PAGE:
Every ad for radiant flooring shows the same thing: kids, dogs, cute couples lying on the floor looking happy. And what's not to like? It really is comfortable to have warmth underfoot, and many companies claim that it saves a lot of energy by putting the heat where you want it. But is it really green?
In his book Your Green Home, Alex Wilson wrote "it's a great heating option for a poorly designed house.... For the radiant floor system to provide enough heat to feel warm underfoot (the feature everybody likes with this system) its going to be cranking out more heat than the well insulated house can use, and it will likely cause overheating. A radiant floor heating system also has a very long lag time between when the heat is supplied to the floor and when the slab begins radiating heat....If there is a component of passive solar heating in the home, it will cause overheating because you can't turn off the slab when the sun comes out."
The thermal lag issue was the one that always concerned me; when the sun goes down and the thermostat kicks in, how many hours does it take for the floor to warm up enough to do anything?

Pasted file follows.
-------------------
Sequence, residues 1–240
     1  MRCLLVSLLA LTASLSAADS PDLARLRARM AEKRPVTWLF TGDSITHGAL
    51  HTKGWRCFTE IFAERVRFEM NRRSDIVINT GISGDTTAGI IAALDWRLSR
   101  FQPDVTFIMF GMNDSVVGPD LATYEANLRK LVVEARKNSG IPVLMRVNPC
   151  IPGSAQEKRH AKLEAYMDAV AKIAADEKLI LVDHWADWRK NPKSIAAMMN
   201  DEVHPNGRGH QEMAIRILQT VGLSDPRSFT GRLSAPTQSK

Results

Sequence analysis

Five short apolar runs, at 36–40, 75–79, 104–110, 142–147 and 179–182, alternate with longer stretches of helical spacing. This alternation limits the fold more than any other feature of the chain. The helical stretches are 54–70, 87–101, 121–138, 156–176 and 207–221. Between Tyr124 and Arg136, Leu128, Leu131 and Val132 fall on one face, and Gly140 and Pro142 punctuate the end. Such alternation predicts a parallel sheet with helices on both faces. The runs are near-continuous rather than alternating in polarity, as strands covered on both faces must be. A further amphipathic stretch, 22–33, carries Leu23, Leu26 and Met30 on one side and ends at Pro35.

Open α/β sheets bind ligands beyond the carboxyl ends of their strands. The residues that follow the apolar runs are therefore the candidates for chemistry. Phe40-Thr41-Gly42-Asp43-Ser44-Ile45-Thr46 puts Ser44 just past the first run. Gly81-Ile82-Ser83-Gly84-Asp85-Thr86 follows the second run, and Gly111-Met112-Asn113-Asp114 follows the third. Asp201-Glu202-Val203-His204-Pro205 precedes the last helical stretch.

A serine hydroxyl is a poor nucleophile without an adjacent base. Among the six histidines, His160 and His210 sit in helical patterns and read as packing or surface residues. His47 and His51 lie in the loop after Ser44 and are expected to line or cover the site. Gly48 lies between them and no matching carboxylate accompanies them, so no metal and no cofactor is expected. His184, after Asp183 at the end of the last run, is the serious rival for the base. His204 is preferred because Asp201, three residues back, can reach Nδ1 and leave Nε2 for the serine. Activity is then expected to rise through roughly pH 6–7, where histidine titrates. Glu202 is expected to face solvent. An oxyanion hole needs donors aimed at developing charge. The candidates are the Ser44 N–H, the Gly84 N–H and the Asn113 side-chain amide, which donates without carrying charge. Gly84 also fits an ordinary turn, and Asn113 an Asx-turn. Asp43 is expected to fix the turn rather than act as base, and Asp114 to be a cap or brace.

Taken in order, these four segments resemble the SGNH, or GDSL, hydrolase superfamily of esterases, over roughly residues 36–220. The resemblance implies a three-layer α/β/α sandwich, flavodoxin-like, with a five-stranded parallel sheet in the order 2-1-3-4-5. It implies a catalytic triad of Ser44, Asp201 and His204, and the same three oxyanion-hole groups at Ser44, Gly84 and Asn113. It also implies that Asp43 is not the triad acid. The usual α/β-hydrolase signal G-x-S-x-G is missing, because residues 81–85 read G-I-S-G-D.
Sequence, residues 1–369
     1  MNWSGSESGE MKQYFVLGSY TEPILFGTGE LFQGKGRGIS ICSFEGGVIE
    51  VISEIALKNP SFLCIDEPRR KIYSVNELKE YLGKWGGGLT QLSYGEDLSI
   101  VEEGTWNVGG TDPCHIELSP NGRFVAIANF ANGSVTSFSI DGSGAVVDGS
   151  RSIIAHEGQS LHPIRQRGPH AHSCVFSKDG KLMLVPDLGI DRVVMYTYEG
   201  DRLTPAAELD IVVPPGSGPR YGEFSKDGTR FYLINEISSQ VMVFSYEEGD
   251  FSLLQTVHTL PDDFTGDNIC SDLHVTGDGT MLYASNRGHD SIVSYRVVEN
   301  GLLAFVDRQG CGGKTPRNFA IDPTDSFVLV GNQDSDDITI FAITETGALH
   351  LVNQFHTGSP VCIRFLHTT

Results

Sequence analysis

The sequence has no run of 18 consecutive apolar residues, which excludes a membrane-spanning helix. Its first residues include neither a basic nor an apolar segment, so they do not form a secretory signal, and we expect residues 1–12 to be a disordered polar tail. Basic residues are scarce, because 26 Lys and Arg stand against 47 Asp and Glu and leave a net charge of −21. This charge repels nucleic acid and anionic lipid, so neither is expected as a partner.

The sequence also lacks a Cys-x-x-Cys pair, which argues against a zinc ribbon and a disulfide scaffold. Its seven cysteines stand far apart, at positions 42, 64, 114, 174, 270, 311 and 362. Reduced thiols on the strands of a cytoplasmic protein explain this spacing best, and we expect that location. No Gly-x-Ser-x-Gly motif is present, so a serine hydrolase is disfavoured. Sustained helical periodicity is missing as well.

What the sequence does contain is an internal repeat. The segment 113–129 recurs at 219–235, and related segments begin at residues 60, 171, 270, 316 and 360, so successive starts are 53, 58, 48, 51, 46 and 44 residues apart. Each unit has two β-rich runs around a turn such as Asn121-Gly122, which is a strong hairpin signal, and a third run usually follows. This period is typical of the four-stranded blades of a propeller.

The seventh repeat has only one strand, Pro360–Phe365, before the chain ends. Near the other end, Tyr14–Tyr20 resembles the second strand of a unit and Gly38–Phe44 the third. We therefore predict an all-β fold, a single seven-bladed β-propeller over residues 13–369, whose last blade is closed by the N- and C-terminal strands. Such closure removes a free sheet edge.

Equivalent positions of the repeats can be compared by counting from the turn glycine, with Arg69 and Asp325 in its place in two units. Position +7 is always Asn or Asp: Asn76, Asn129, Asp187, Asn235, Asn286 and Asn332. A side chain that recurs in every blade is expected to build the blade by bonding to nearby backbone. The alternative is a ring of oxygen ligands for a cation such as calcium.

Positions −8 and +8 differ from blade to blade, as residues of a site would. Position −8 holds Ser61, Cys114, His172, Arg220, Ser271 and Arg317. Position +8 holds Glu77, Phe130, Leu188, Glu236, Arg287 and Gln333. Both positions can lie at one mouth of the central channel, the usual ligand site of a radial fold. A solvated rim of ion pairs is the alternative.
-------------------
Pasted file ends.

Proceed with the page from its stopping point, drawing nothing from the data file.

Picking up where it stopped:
Martin Liefhebber of Breathe Architect Inc. loves the stuff and puts it in all of his houses. I asked him about the thermal lag issue and he told me that the controls are much more sophisticated than just a thermostat. There are sensors in the floor as well as the room, so it can compensate for differences in slab temperature and room temperature. He often ties the floor into a solar thermal system.
But he also noted that he usually installs a wood stove that can be fired up instantly to fill in the gaps when the floor has not heated up quickly enough.
Alex Wilson has updated his thoughts on radiant flooring in a recent edition of Environmental Building News, complete with babies. He is even blunter, when talking about highly insulated homes (which most green homes are by definition):
While radiant-floor heat makes sense in certain buildings, it is not well-suited to highly insulated green homes for a number of reasons. First, in a home with a tight envelope and a very small heating load, even a small amount of heat can cause overheating, and the thermal mass in a radiant floor system (especially with concrete-slab systems) increases the risk of overheating. This is particularly true in buildings with some level of passive solar gain--the radiant floor may still be delivering heat even after solar gain raises the air temperature.
He goes on to note that the slabs have to be kept perhaps too warm simply to remain comfortable; "A slab maintained at 74°F (23°C) will be cooler than an occupant's skin, so bare feet will conduct heat into the slab. "
He then notes that they are expensive and that they might not even save energy. Read more at Environmental Building News